SSL 3.0 Vulnerable to POODLE Attacks

Google researchers Bodo Möller, Thai Duong and Krzysztof Kotowicz have discovered a flaw in SSL 3.0’s design that makes it susceptible to attacks with POODLE, which stands for Padding Oracle On Downgraded Legacy Encryption. POODLE was developed by the three at Google for their research paper. Lets start of by explaining what each of these things are in more detail.

SSL 3.0

SSL (secure sockets layer) 3.0 is used by web browsers to encrypts data between a client and server and secures most data sent over the Internet. SSL 3.0 is over 15 years old and has been replaced by TLS 1.0, TLS 1.1, and TLS 1.2 but the reason why SSL 3.0 is still a problem is because many servers are backwards compatible. Servers keep this backwards compatibility to maintain the user’s experience.  In a case where someone is still using SSL 3.0 for their browsers, servers still want to be able to let these users access a website without getting SSL encryption errors.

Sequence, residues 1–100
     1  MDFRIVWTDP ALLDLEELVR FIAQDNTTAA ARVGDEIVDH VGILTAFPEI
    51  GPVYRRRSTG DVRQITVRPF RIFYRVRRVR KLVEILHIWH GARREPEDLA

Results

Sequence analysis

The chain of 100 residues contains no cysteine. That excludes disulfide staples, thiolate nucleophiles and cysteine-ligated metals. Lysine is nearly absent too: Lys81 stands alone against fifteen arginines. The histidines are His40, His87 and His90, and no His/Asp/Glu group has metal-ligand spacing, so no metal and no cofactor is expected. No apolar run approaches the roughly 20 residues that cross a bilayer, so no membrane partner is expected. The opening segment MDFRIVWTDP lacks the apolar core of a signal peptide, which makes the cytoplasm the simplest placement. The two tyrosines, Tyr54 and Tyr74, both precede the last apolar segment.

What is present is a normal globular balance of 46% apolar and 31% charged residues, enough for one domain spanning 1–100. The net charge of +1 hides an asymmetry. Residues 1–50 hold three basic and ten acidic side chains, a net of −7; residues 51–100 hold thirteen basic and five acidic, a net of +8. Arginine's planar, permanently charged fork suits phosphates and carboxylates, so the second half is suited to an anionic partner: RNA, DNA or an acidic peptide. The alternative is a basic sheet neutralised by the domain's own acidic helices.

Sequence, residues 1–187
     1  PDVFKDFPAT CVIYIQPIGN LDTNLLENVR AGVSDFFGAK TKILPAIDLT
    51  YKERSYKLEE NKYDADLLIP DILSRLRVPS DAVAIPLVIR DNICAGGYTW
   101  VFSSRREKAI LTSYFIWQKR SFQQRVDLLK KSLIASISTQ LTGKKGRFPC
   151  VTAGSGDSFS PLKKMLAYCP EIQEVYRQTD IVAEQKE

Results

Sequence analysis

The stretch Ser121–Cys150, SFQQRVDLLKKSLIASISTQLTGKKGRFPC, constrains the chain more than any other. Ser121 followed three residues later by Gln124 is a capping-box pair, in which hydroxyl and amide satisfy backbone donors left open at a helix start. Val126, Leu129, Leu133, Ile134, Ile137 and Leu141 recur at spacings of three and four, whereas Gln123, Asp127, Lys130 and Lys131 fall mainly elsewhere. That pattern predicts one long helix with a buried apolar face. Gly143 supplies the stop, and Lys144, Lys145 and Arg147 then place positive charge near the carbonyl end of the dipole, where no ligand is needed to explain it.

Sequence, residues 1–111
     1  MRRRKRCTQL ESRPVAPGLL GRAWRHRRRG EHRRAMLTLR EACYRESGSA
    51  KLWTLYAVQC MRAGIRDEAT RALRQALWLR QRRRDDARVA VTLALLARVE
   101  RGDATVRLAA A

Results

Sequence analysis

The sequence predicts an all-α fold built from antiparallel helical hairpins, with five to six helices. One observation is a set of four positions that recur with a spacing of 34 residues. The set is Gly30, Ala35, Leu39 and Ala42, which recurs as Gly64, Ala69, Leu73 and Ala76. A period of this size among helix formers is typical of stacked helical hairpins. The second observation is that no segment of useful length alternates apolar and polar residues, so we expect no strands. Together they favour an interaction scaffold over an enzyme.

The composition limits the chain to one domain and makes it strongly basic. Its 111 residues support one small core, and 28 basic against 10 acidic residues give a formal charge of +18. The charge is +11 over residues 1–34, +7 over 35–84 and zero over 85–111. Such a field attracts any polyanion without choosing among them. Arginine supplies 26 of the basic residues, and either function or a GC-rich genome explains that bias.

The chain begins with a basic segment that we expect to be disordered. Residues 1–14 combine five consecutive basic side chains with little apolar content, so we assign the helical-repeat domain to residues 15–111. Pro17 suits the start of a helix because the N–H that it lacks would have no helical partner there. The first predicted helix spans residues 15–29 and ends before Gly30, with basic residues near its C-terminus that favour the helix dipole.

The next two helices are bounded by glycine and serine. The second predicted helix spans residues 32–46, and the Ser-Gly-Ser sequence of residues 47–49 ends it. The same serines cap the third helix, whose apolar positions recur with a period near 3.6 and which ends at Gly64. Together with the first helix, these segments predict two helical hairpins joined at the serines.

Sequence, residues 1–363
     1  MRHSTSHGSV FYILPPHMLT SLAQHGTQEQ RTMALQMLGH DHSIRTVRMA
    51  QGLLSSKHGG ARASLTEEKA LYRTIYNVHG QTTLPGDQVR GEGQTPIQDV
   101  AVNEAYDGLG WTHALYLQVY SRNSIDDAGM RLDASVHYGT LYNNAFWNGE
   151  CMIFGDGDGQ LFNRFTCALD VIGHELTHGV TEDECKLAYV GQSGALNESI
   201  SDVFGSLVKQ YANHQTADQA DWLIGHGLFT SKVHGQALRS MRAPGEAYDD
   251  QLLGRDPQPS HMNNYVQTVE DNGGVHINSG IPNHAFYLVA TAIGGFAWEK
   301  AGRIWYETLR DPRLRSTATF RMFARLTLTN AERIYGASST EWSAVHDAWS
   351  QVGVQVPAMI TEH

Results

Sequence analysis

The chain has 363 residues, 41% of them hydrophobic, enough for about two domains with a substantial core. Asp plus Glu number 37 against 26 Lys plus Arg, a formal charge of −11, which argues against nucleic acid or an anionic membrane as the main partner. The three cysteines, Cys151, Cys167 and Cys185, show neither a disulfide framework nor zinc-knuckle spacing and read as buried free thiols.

POODLE (Padding Oracle On Downgraded Legacy Encryption) is an attack that was developed by Bodo Möller, Thai Duong and Krzysztof Kotowicz to exploit the flaw in design with SSL 3.0. POODLE can steal a users HTTP cookies, authorization tokens and other data, thus gaining access to their usernames and passwords to anything from email to social media accounts to online banking accounts.

Many servers and browsers now use the updated TLS 1.0, TLS 1.1, and TLS 1.2 encryption but because many servers and browsers maintain this backwards compatibility to SSL 3.0, the POODLE attack causes failed connections or glitches with up to date security protocols so browsers will automatically down grade to try older security protocols, in this case, the vulnerable SSL 3.0 encryption.

Should I Be Worried?

While SSL 3.0 does have a major flaw in its design, not many browsers use it because it is over 15 years old.  The most vulnerable would be if you are still using Windows Internet Explorer 6 on Windows XP. In the coming weeks, browsers will be coming out with patches to prevent this backwards compatibility from occurring. Also, if an attacker were to try to steal your information, they would need access to the network that you were connected to.  You should be safe on your password protected home network. The most possible place of getting attacked would be while using public Wi-Fi such as at an airport, coffee shop or restaurant.

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